Cole South, Phil Ivey Dominate Gus Hansen Sunday
The big live tournaments that make the poker headlines each week come and go, but the ring game tables never sleep. Action is always plentiful in the virtual poker world. Perhaps nobody knows this better than Gus Hansen, who is famous for his significant bankroll swings in online poker. In what was likely one of his worst days ever, HighStakesDB.com has reported that Hansen lost over $1 million dollars Sunday… to just two opponents.
Cole South and eight-time World Series of Poker bracelet winner Phil Ivey took Hansen for more than $1.1 million on the final weekend day of August, accounting for almost half of the “Great Dane’s” net losses on the year. HighStakesDB – which tracks the action at high-stakes online poker tables – reported that Hansen’s losses Sunday came primarily in $2,000/$4,000 Fixed Limit Omaha Hi-Lo. He lost $358,000 to Ivey in that game along with $99,000 to South, and to make matters worse, he even lost $335,000 in Omaha Eight or Better when it was part of a Seven Game rotation.
All told during 2010, Hansen is down $2.3 million according to the records kept by HighStakesDB. He started off the year strong, peaking at $2.3 million in the black in January. His current deficit is his low point of the year so far. Despite his poor run in the Omaha Hi-Lo portion of HORSE on Sunday, it looks like Hansen should stick to HORSE, as he is up over $1.7 million in the Fixed Limit format of the mixed game in 2010.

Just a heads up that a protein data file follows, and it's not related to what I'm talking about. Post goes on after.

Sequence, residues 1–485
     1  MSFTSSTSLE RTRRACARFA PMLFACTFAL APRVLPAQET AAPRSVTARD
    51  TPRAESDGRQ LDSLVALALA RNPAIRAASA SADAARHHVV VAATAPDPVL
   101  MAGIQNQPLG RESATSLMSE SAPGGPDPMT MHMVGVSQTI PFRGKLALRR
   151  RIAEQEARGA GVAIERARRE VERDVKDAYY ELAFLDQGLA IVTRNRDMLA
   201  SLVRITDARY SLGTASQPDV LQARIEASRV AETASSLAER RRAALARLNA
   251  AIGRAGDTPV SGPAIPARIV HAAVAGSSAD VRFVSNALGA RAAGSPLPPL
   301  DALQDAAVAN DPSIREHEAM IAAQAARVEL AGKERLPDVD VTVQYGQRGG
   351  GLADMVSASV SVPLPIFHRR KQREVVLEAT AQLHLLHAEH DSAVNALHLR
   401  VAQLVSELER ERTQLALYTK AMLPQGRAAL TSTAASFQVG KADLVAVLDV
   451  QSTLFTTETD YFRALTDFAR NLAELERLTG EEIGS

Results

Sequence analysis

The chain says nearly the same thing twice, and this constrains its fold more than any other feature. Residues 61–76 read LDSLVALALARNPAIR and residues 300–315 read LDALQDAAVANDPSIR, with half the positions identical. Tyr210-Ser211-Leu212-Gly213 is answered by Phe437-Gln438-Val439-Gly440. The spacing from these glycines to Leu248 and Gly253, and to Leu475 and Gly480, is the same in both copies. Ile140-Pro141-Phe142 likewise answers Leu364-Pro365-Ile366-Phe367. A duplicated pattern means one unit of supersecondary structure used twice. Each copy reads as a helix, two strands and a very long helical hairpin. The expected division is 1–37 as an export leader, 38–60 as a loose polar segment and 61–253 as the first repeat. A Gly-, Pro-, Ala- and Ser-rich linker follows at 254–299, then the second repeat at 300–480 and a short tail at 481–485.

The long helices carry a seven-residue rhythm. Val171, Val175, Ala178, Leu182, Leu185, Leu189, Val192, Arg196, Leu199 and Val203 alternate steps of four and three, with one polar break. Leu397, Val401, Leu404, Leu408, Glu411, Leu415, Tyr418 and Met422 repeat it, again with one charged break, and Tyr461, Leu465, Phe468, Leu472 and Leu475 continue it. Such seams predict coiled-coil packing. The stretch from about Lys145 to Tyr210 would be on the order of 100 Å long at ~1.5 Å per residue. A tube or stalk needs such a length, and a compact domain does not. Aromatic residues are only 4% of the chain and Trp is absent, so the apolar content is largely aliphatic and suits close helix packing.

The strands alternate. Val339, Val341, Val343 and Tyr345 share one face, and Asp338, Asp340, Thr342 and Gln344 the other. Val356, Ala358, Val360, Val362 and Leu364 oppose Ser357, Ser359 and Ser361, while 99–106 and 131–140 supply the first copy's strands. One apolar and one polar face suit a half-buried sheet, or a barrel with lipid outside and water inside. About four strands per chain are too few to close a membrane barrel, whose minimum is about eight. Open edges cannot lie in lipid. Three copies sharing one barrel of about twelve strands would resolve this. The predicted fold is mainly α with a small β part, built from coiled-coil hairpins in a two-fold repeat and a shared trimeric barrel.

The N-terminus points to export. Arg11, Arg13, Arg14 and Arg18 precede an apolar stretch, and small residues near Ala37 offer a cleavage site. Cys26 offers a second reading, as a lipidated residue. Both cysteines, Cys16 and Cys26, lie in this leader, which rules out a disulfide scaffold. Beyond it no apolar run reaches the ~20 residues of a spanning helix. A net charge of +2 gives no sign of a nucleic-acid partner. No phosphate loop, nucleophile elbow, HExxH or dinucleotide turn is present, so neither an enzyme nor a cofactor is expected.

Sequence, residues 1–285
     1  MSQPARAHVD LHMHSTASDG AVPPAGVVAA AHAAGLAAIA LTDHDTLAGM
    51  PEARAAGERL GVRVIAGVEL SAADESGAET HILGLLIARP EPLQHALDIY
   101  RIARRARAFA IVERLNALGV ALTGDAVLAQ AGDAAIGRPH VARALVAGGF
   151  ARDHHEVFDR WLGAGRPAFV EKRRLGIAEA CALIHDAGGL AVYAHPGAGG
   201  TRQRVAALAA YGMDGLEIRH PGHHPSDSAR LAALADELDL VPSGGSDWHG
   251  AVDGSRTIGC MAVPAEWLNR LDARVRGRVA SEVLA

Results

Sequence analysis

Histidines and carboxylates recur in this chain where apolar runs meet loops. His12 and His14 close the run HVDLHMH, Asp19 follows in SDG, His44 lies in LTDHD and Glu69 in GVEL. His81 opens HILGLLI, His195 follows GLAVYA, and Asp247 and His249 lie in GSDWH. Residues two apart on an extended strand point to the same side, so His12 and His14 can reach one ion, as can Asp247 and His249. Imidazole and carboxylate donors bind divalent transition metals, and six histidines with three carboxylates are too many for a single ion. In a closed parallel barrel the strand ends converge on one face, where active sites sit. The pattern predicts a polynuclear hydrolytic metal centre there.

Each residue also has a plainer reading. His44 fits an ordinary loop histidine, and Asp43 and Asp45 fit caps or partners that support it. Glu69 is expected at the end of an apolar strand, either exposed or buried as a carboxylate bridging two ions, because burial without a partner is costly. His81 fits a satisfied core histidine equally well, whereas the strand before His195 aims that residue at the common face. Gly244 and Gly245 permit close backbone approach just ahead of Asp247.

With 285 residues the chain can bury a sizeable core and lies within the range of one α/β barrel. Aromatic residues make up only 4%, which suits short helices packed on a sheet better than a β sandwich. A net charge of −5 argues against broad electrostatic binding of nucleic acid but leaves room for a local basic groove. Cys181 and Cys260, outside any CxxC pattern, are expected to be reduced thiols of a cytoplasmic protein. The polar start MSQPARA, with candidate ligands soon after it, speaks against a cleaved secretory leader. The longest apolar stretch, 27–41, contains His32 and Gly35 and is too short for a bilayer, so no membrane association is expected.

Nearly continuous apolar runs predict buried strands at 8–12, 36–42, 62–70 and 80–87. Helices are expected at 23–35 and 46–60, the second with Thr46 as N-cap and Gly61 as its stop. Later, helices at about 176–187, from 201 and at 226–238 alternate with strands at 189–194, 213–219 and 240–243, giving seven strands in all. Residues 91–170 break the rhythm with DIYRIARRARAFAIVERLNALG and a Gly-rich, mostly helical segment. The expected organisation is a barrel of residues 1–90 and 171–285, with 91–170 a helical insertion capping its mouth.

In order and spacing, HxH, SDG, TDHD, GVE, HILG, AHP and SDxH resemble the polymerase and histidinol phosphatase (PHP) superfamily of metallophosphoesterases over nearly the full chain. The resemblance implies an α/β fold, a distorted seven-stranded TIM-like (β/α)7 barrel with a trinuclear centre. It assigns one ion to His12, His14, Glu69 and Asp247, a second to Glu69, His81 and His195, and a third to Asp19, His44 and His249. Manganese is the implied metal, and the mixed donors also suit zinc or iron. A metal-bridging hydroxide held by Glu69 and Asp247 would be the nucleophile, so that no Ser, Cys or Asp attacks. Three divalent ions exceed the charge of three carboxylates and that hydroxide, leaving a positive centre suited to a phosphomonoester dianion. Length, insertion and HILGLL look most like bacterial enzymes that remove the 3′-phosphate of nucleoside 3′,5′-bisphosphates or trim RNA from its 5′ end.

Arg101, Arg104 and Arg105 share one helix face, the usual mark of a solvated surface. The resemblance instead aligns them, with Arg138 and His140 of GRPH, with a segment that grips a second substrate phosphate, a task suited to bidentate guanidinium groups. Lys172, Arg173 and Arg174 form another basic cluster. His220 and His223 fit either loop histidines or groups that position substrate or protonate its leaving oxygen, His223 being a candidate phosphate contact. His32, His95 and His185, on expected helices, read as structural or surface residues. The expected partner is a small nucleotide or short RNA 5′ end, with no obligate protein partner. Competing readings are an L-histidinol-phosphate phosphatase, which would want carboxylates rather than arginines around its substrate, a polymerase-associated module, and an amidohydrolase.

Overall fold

Ivey and South, on the other hand, have had good 2010′s so far, and of course, HighStakesDB only counts online games, so they could be doing even better in live games. Ivey is up an astounding $3.5 million in internet competition this year and is on the rise, as that mark is his high point. He hit his valley back in March, when he was down $117,000. Ivey’s best game has been Fixed Limit HORSE, in which he was won $1.5 million. He is at least break-even in each game type for which HighStakesDB has records.
South has not won nearly as much as Ivey, but it is safe to say that the average person would love to have made $78,825 through the first eight months of the year. It’s a far cry from his high water point in February, when he was up $3.5 million. Just last month, though, South was down $260,000, so being above break-even means that he has had a nice few weeks recently. Fixed Limit Omaha Hi-Lo has been South’s best game, netting him almost a half million dollars.
Related Online Poker News:
- The Nightly Turbo: Phil Ivey Recruits Cole South, PPA Meets with Feds, and More
- The Online Railbird Report: Dwan, Antonius, and Ivey Score at 7-Game
- The Nightly Turbo: Cole South Quits CardRunners, Brandon Adams on 60 Minutes, and More
- IveyPoker to Launch Ivey League Training Site in January
- Brian Hastings – Poker Player Profile
- September 1st – Daily Deal
- Phil Ivey Partners With California Online Poker Venture
- The Online Railbird Report: Sahamies and South Lead the Pack
- The Online Railbird Report: Heavy Hitters Go Heads-up
- The Online Railbird Report: Sahamies Scores Big Against South and Hastings
- Cole South – Poker Player Profile
- PartyPoker Weekly: Dominate the World, Dominate Paris
Useful poker terms:
- OUT -  A card that will improve your hand, often substantially. A hand with many OUTS is preferable to a hand with only 1 or 2.  Folded, ineligible to bet or win this hand. "I'm out" is often a synonym for "I fold".
- PASSED OUT. - A hand in which nobody opens. What happens next is a function of the game being played.
- POSITION - One's location in the betting sequence, relative to the players still in the hand. First position is first to act.
- LIMIT POKER - A poker game wherein the amount to be bet is fixed, or at most variable within a prescribed minimum and maximum. Ant.: NO-LIMIT POKER.
- BEE No. 92 (TM) - Trade name for the "diamond back" cards frequently used in casino games. Compare: RIDER BACK.
- TELL - Any personal mannerisms that reveal the quality of one's hand. E.g., constantly looking at one's hole cards is often a tell of a poor hand. (Some players, knowing this, will at times check their hole cards when they have a great hand and don't need to look.)